And so, buried amidst the football news and the baseball playoffs, we get word that an intensive inquiry of the Donaghy crisis in the NBA reveals that he acted alone, and that he only fired one jump shot from the school book depository.
On a more serious note, investigator Lawrence Pedowitz' 133 page report concludes that Donaghy acted alone, and that the NBA did not fix games for TV rating, no matter what Ron Artest might say. Now, ordinarily one might greet this with just a wee bit of salt. An NBA investigation saying that the most damaging scandal of its history is contained to one rogue ref? No organized conspiracy? No league wrongdoing? Well, duh, what did you expect it to say? David Stern knows better than to ask any question he doesn't know the answer to. Of course the report commissioned by him on his league is going to say that everything's hunky-dory.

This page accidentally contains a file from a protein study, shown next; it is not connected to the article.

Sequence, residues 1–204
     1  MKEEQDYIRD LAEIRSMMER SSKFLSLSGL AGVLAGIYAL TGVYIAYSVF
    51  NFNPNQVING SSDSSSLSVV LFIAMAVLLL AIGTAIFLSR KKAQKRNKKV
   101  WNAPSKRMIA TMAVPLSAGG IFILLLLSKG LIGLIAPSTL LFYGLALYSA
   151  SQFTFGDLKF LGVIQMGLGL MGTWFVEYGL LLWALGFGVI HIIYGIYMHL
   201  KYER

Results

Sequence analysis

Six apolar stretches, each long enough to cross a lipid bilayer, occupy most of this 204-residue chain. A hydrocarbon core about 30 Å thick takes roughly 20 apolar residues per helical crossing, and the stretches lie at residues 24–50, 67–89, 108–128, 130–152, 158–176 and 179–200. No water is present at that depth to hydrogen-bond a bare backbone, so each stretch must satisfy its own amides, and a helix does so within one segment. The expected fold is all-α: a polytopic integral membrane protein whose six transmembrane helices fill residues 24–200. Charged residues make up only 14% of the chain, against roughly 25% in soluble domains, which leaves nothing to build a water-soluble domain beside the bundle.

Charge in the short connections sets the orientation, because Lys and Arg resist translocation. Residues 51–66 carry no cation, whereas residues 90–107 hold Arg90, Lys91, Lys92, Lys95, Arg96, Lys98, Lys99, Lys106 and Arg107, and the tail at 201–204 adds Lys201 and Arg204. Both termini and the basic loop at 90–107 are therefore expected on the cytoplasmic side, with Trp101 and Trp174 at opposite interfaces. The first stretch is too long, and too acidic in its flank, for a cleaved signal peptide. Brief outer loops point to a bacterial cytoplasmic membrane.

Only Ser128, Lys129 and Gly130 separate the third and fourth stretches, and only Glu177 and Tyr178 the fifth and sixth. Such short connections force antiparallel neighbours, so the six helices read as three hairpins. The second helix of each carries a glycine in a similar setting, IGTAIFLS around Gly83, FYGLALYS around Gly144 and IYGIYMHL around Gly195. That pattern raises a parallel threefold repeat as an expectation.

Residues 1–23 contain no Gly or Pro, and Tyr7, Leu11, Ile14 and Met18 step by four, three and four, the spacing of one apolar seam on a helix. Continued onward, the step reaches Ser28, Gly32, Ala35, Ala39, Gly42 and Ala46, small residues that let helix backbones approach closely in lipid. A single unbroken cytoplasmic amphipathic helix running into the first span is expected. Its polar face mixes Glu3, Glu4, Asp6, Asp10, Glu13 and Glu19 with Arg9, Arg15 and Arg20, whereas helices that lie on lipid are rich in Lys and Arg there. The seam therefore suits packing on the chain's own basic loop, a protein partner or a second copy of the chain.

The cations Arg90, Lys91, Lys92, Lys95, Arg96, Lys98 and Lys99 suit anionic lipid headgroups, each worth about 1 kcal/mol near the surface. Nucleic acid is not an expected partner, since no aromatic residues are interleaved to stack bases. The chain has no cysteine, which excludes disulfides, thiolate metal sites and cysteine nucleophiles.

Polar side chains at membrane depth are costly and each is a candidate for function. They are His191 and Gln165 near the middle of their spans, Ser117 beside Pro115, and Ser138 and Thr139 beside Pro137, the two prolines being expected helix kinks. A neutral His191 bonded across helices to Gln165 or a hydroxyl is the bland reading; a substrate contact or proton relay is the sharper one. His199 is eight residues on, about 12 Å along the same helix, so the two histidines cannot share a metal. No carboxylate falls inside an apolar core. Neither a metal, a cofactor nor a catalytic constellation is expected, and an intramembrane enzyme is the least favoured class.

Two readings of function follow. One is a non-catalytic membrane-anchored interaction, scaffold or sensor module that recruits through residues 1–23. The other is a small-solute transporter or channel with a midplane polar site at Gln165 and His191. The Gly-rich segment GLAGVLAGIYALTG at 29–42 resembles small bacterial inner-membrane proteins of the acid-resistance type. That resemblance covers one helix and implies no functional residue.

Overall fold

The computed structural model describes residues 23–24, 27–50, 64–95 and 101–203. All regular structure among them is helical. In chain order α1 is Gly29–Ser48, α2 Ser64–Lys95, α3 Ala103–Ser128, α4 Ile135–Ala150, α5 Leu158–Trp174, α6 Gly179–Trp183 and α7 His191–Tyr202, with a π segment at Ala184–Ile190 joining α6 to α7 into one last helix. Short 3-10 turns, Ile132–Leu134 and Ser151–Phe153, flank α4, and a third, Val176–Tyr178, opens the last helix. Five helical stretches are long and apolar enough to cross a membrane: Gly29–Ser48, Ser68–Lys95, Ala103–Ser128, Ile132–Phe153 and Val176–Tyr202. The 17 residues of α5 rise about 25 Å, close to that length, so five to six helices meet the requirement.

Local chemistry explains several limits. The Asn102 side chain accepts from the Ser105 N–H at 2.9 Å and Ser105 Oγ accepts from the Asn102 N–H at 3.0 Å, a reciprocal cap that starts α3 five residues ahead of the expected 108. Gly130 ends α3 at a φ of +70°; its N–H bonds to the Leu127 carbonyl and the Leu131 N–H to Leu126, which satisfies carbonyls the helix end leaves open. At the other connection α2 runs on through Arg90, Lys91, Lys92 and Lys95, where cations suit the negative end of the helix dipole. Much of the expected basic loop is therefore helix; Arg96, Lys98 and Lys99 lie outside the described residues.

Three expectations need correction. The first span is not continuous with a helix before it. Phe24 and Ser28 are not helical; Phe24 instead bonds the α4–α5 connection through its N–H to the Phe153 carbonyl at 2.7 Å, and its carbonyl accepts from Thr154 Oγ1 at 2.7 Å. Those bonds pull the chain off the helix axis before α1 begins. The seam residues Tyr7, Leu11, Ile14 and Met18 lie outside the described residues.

Except that it doesn't. It says that a large part of Donaghy's work was done through knowing refs' tendencies - which players they hated, which ones they liked, and so forth. That, while not as explosive as word of a Donaghy accomplice might have been, this doesn't make the NBA - or its refs - look particularly good, either. It's not the sort of thing you leave out there if you're doing a happy, shiny whitewash.
Of course, now that it's out there, it's not going to go away. The real test of this upcoming season is not whether they've cleaned up after Donaghy. It'll be whether they clean up what was already there when he got started.